"We think it’s a good idea for the college to get this publicity, but we’re not sure this campaign is the best way to spend money. We feel that if they have the money to do this publicity, they can afford to maintain our health coverage,” said Braxton. He added that rumors of waste stemming from the campaign are circulating among faculty -- among them that the college trashed a truckload of usable stationery with the college’s old logo and that vinyl “Path to Possibilities” advertisements plastered to campus sidewalks had to be scraped off after students slipped and slid on them when it rained.

In a September 26 memo to President Stephen M. Curtis, the union requested information on topics including changes in the number of administrative staff, the number of administrators whose salaries fall into four different ranges, beginning at $80,000, and the total budget of the public relations campaign. In response, the two-year college's lawyer, Jill Weitz, who referred all comment to the college’s public relations coordinator Thursday, wrote, “The College is unable to understand the relevance of the requested information to any legal duty of the Federation. The College will not provide the requested information until the Federation establishes its relevance.”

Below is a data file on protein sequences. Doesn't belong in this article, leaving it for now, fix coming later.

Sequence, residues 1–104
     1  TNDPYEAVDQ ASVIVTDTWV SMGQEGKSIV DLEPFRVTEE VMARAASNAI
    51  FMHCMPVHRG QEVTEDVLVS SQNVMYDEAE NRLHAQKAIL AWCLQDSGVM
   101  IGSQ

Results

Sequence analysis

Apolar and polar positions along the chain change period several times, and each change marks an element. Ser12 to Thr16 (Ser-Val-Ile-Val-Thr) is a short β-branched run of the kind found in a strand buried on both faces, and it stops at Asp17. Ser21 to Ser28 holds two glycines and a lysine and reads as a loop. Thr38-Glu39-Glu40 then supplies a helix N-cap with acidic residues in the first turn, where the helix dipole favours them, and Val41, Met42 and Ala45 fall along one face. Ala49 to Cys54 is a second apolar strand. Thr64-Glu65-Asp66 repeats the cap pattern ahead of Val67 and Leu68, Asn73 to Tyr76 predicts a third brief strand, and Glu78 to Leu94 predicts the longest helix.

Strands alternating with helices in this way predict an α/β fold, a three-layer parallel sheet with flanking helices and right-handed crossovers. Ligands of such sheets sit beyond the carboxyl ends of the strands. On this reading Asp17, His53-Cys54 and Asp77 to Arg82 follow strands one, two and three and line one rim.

In a subsequent memo, sent after one in which the union states its reasons for why their requests are relevant (“Without knowing this information, how can faculty and staff evaluate whether the salary and benefit packages offered are adequate or not?” union leaders wrote), Weitz maintained that the union “has no legal right to the information requested.”

But Weitz referred leaders to their copies of the 2006-7 budget, made available to the public, to find “the vast majority of this requested information.” An examination of this year’s budget in concert with those of years past would reveal detailed information about net new positions, administrative position changes and operating expenses, including information on administrative salaries, fringe benefit costs and legal costs, Weitz wrote in her November 28 memo. She also noted that the college has publicized its plans to spend $500,000 per year over the next three years to advertise its Path to Possibilities campaign. “In sum, it remains the College’s position that it has provided any information that the College has a legal obligation to provide,” Weitz wrote.